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Edge thickness before quench.


Oberu

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Heya fellows.  I’ve been commissioned to make a chef knife for a friend. It’s a damascus blade and I’ve put a photo in for reference. The thickness at the spine is ~ 0.135” and my question is how thin would you take the edge before quenching? I’ve got the main bevels in and the edge is ~ 0.065”.  I’ll be using my forge and warmed canola. I know this isn’t the ideal method but it’s what I have access to.  Thanks 

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I wouldn't go any thinner.  Cracking isn't the problem in an oil quench, it's the dreaded potato-chip warp of the thin edge.  Normalize the heck out of it and keep it perfectly vertical (edge to spine or point to tang)  in the quench, and do not agitate.  Single wobbles can be fixed in the tempering cycles, but a full-on bacon strip edge is not fixable.  By me, anyway.  Joshua States has some cool videos about how he clamps a blade immediately out of the quench while it's still a bit flexible to prevent that sort of warp.

 

Good luck!

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I was about to quote Alan's comment about the un-fixability of bacon edges, but then he added his caveat.  I make pretty thin blades, typically about 0.090"-0.070" at the spine, and I typically go to about 0.050" at the edge.  But thicker is better for preventing warping, you just have more post HT grinding to do.  

I've been forging and grinding thinner and thinner on my last few blades, partly to see where my cut-off point is and my last one was 0.0.030 at the edge before quench and that looked like a piece of bacon.  It took 5 tempering cycles to fix it.  I can go into more details of my process if you want. 

Good luck, can't wait to see pics.

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RIP Bear....be free!

 

as always

peace and love

billyO

 

 

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24 minutes ago, Brian Myers said:

a great rule of thumb is to not grind the edge any thinner than a dime.

Now that you mention it, I've heard that before (getting out my calipers and reaching for a dime...0.050")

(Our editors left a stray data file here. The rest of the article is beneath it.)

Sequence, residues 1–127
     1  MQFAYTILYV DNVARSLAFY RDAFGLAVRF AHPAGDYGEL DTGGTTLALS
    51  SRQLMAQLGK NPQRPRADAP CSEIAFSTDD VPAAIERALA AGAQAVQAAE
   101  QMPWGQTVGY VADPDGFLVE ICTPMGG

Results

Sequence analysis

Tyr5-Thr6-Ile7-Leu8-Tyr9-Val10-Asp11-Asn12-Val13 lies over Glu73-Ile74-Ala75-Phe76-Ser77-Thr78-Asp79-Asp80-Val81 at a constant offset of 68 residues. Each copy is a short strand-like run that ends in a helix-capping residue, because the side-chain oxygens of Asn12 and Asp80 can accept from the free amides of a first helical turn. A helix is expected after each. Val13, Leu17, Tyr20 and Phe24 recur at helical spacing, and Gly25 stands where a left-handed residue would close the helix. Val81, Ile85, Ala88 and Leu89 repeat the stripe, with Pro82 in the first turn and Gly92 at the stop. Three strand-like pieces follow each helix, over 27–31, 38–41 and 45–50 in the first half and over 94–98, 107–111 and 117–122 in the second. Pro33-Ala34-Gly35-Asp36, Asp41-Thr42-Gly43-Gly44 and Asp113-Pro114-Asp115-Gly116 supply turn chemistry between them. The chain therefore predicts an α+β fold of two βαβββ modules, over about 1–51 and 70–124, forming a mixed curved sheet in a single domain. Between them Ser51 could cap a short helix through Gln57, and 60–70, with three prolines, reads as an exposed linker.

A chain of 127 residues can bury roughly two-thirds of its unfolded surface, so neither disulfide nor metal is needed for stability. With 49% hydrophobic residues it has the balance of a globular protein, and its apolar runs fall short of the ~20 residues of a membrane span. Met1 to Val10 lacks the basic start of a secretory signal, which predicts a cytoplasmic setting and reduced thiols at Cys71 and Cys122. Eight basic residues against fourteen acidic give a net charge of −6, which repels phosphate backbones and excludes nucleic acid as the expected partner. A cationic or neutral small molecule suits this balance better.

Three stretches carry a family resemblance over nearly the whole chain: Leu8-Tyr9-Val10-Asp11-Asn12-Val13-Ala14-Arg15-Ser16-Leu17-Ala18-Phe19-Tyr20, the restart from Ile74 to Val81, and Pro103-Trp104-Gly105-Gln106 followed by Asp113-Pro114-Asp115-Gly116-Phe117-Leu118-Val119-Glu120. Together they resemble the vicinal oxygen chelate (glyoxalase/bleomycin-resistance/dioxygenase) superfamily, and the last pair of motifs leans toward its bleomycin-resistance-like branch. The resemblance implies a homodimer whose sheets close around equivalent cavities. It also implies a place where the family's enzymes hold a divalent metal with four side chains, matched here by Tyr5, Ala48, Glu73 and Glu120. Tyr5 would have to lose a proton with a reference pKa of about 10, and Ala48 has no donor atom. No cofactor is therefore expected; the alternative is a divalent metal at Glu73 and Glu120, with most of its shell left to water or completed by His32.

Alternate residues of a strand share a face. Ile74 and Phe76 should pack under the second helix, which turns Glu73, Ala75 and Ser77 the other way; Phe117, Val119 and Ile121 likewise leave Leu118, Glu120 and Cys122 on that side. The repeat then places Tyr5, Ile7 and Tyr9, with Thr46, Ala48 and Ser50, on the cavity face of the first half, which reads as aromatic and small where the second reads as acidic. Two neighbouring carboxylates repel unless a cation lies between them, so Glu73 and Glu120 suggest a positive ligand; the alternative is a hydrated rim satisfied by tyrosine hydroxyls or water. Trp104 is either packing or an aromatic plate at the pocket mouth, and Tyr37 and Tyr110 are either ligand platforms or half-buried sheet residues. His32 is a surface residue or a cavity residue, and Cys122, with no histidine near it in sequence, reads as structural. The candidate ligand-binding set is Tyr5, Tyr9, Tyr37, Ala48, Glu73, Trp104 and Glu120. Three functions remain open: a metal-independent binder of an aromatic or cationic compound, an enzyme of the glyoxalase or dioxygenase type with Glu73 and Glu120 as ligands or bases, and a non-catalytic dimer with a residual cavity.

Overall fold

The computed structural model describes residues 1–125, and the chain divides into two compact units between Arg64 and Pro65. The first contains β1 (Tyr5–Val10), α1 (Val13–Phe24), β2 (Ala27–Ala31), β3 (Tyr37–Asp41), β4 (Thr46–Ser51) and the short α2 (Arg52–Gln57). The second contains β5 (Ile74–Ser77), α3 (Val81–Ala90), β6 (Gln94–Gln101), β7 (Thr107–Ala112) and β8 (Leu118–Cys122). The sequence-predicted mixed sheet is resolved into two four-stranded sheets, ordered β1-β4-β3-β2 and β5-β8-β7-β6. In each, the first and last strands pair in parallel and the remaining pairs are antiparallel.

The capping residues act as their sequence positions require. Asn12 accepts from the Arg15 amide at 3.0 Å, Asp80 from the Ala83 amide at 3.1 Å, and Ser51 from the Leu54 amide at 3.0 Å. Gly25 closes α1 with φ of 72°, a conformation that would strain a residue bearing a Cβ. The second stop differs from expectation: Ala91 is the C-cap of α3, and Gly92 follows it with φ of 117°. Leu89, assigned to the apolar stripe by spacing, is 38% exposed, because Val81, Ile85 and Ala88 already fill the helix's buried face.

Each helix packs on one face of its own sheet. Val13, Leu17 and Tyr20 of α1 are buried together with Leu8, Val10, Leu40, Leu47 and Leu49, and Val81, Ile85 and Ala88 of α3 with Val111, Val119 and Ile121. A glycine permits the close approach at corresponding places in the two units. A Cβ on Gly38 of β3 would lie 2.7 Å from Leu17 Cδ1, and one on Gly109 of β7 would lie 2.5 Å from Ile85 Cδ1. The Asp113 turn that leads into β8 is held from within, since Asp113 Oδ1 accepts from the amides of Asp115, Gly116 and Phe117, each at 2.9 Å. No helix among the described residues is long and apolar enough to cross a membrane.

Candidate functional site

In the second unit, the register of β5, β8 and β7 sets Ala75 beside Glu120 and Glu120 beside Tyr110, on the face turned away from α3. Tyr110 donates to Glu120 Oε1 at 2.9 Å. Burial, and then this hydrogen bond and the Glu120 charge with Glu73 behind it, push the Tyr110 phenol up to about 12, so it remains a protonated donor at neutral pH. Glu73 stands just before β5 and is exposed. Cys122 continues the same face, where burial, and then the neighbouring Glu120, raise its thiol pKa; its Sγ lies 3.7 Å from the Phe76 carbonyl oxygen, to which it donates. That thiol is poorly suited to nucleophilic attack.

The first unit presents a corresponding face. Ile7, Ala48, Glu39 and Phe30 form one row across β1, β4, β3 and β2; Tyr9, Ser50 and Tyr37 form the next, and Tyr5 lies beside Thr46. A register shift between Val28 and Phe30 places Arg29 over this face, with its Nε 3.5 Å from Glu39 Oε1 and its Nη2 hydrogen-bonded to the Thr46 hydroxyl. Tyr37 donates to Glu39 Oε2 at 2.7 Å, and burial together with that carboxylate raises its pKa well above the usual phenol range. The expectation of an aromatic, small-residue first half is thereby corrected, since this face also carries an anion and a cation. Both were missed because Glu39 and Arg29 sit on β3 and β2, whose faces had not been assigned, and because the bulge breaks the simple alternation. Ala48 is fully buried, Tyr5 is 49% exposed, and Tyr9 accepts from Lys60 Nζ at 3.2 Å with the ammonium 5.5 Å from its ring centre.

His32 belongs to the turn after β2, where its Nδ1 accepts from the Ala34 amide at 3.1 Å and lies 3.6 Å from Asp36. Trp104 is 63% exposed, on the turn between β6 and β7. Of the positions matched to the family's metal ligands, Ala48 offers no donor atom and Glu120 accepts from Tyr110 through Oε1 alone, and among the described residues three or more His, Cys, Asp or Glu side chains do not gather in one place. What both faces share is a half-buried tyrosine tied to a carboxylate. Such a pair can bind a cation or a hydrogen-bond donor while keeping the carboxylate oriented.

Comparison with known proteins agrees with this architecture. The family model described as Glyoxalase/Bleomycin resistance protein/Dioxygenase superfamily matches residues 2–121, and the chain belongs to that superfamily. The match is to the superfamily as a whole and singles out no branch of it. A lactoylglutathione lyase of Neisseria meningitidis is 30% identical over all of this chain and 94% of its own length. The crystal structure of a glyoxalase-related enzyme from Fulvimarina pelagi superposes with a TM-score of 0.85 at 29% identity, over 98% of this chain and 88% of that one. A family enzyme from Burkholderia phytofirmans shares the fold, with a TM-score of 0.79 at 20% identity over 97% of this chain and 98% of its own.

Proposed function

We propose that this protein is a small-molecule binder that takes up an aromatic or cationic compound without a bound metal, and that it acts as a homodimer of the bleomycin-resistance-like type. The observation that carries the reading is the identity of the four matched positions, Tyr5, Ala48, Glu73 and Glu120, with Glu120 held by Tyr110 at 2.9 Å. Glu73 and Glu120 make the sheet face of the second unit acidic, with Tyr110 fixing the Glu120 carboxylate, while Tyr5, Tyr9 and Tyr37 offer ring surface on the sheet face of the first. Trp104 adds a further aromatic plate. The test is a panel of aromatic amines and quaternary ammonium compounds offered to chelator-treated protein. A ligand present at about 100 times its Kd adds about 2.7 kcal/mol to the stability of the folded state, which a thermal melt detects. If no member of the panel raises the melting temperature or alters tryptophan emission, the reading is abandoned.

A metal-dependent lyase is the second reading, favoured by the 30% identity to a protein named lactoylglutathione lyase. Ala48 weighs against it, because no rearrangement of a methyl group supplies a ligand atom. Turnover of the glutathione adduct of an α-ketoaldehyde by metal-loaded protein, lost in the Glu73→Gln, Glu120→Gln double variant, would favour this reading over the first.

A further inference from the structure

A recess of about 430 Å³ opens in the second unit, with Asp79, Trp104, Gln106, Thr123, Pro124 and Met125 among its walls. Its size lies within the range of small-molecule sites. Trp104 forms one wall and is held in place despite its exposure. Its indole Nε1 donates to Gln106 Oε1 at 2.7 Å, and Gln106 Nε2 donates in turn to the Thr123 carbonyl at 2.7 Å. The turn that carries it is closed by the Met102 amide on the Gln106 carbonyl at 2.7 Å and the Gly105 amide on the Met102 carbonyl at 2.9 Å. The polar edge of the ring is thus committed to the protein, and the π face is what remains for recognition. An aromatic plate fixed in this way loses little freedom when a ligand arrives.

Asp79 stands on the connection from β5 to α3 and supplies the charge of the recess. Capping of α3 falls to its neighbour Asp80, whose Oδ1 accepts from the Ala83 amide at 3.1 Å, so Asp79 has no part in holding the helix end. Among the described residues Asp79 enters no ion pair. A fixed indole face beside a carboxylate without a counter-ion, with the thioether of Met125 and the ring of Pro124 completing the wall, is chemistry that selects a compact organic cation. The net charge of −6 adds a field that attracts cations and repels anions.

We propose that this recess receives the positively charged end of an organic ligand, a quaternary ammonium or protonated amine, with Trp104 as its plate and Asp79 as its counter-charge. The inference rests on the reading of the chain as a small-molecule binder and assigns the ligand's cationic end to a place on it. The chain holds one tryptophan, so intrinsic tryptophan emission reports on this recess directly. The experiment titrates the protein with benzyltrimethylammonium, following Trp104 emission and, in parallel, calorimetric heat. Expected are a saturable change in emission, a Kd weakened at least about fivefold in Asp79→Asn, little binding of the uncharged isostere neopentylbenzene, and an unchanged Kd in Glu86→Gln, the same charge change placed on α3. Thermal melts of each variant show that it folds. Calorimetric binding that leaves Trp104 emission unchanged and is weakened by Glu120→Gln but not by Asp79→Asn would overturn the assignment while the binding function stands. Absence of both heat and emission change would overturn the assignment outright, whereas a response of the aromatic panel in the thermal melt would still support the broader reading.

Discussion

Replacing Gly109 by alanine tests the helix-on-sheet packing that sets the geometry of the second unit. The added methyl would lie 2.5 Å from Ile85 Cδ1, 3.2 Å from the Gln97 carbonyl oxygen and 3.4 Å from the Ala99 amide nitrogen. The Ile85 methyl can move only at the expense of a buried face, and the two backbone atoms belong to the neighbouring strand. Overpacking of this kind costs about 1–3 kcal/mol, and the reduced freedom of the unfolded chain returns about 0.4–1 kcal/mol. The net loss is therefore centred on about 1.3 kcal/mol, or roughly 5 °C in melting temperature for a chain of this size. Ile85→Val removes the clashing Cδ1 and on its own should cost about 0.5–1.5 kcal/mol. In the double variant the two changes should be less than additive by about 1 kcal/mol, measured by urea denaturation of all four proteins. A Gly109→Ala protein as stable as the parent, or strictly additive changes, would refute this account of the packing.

Maybe that's why I was stopping there before pushing the envelope.

Thanks for the reminder, Brian.

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RIP Bear....be free!

 

as always

peace and love

billyO

 

 

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Thanks fellows.  I've made quite a few knives over the years but never one with this sort of proportion.  The thin cross section gave me pause.  I appreciate all of the help and I'll implement it.  My gut told me to stop where I was and ask.. smart gut.  I've had some weird stuff happen when I work with cross sections in weird proportions.. like a really long triangular dirk.. sabered like crazy on me and I lost almost two inches off length and had to re-profile the whole thing.  Good on ya fellows!

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i think if you just quench the edge that can help keep a blade from warping but i havent done enough kitchen knives to really say. the ones i did make i quenched at the same thickness i would for other blades which is a little thinner than a dime and they came out fine. a few of them were japanese single bevel knives that can warp like nobodies business. 

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4 hours ago, steven smith said:

 

i think if you just quench the edge that can help keep a blade from warping

 

I’ve had that bacon too. I think it’s because martensite is a little longer than austenite so the only way the expansion could go was sideways. Correct me if I’m wrong.